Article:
4. Passing attacks:
Drive-by attacks are the most common method of spreading malicious code over the Internet. Cybercriminals often select unsafe and vulnerable websites and place malicious code on them. This also applies to the unintentional downloading and installation of malicious code.
During a drive-by attack, an attacker installs a malicious script on a website. The script can install malicious software on the computer when the user visits this website,
How do you prevent a car from being attacked?
And it happens by itself, even without the victim clicking on anything on the page. It is therefore necessary to use an antivirus program with active real-time scanning that prevents the downloading of malicious software.
5. Malware attacks and ransom demands:
Malware is an application designed to disrupt the normal operation of any gadget, be it a smartphone, desktop or server. There are various types of malware, including spyware, ransom software, Trojan horses, worms, etc. This malicious application then comes into the hands of the device and starts tracing everything – it starts intercepting keystrokes, installing destructive programs, stealing and encrypting important data from the gadget to claim bribes.
A Trojan horse is a malicious program that looks useful and entices the user to install it. Trojans are the most dangerous type of malware because they are often designed to steal financial information, says Veronica Miller, Cyber Security Analyst at VPN Review.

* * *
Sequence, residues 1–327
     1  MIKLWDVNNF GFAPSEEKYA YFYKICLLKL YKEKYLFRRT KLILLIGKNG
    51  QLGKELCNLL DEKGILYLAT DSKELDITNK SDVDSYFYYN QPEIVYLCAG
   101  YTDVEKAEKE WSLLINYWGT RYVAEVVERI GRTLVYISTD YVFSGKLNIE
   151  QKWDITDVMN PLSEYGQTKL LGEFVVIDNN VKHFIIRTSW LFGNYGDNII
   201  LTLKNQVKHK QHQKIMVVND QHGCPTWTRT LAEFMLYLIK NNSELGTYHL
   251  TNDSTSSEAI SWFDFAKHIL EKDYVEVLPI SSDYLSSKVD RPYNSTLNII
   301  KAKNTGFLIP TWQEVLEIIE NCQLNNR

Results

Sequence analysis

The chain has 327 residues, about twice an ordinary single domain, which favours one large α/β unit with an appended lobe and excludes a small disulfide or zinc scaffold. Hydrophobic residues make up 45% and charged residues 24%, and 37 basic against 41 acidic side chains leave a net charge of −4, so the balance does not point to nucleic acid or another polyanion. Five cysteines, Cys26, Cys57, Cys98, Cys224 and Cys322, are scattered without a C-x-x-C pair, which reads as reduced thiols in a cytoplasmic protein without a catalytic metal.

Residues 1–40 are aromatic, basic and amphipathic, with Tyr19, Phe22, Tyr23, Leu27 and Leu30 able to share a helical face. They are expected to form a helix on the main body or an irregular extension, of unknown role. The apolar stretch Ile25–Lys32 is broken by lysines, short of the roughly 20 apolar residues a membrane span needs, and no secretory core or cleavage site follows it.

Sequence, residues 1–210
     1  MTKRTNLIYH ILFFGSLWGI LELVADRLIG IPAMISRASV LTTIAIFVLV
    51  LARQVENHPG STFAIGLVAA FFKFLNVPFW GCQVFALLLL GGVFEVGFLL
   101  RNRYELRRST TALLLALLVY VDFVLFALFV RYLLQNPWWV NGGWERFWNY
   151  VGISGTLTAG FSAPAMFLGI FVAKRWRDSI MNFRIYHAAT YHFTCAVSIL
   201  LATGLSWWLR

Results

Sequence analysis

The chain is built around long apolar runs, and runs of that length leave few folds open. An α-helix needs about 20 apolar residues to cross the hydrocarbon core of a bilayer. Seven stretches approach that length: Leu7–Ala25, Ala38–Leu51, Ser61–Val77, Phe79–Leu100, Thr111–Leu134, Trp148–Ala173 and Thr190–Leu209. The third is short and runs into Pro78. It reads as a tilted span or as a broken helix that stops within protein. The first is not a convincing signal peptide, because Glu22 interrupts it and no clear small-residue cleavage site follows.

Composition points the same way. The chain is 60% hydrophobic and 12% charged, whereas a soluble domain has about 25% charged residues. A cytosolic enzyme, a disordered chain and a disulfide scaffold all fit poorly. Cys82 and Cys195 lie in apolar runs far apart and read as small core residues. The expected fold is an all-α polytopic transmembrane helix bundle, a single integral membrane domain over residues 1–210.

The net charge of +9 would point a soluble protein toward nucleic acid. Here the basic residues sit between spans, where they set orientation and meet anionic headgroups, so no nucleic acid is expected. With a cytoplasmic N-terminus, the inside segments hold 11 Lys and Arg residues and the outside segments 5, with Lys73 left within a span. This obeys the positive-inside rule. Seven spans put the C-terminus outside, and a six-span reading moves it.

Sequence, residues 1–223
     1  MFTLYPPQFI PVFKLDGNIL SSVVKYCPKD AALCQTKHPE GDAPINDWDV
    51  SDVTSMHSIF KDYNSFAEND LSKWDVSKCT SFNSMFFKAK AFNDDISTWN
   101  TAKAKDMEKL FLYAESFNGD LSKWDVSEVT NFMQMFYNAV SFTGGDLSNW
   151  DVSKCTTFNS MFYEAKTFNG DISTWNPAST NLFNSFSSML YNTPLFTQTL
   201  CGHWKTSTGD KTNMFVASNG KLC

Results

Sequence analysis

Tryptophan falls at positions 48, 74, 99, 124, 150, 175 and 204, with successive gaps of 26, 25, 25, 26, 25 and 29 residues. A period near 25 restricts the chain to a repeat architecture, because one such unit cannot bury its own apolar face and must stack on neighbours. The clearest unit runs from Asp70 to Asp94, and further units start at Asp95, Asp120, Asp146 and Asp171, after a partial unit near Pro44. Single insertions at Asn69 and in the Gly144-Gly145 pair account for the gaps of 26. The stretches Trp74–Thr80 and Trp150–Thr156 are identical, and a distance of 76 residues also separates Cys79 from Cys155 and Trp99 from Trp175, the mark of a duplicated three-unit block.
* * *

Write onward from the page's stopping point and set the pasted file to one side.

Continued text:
Ransom software is a type of malware that (infects computers and spreads through network devices) shuts down a computer and then asks the user for money (a ransom) to unlock it. If such software shuts down your computer (usually by encrypting key files with a secret password), you have no choice but to pay ransom (which often does not work) or restore your computer from a backup.
How can I prevent malware and ransom software attacks?
The only way to prevent malware and ransom software attacks is to implement good antivirus software, set up a reliable firewall and perform regular backups. But you can limit the damage by micro-segmenting your network. This makes each computer’s communication with other computers very limited. This prevents installed malware from spreading to other computers, says Johnathan Mell of Q-Net Security.
6. Password attacks:
Password attacks are the most common attacks used to break into other people’s social and online accounts. The attacker uses hacking techniques such as directory, brute force, keylogging, MITM and social engineering attacks to obtain the user’s identifying information. This paves the way for hackers to access critical sources and leak sensitive data.
How can I prevent password attacks?
There are several things you need to do to prevent password attacks. Start with the basics – avoid public access points, implement 2FA/MFA authentication, set strong passphrases, and avoid using the same password for multiple accounts.
Good internet hygiene, surf only on secure sites (always check the padlock icon for the URL), the use of VPN and HTTPS plug-ins gives you an extra level of security everywhere.
In spite of all the technical aspects, the basic awareness of cybercrime and the cybersecurity training for employees working remotely will reinforce all efforts to ensure the security of your company. Investing in multilayer security, robust backups, recovery systems, installing antivirus software on any device and implementing complex passwords with regular changes for all employees are just some of the key elements you need to focus on in 2021.